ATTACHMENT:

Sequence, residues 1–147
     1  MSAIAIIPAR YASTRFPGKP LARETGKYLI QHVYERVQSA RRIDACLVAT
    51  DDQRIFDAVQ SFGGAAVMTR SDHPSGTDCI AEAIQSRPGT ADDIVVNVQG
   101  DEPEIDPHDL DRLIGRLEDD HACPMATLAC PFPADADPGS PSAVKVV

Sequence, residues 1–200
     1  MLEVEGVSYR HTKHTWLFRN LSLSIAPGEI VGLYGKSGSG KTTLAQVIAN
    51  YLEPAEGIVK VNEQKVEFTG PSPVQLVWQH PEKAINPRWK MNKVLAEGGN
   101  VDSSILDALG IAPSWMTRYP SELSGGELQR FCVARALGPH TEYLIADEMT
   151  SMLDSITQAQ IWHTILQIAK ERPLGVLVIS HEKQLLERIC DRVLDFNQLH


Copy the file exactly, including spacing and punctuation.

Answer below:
Sequence, residues 1–147
     1  MSAIAIIPAR YASTRFPGKP LARETGKYLI QHVYERVQSA RRIDACLVAT
    51  DDQRIFDAVQ SFGGAAVMTR SDHPSGTDCI AEAIQSRPGT ADDIVVNVQG
   101  DEPEIDPHDL DRLIGRLEDD HACPMATLAC PFPADADPGS PSAVKVV

Sequence, residues 1–200
     1  MLEVEGVSYR HTKHTWLFRN LSLSIAPGEI VGLYGKSGSG KTTLAQVIAN
    51  YLEPAEGIVK VNEQKVEFTG PSPVQLVWQH PEKAINPRWK MNKVLAEGGN
   101  VDSSILDALG IAPSWMTRYP SELSGGELQR FCVARALGPH TEYLIADEMT
   151  SMLDSITQAQ IWHTILQIAK ERPLGVLVIS HEKQLLERIC DRVLDFNQLH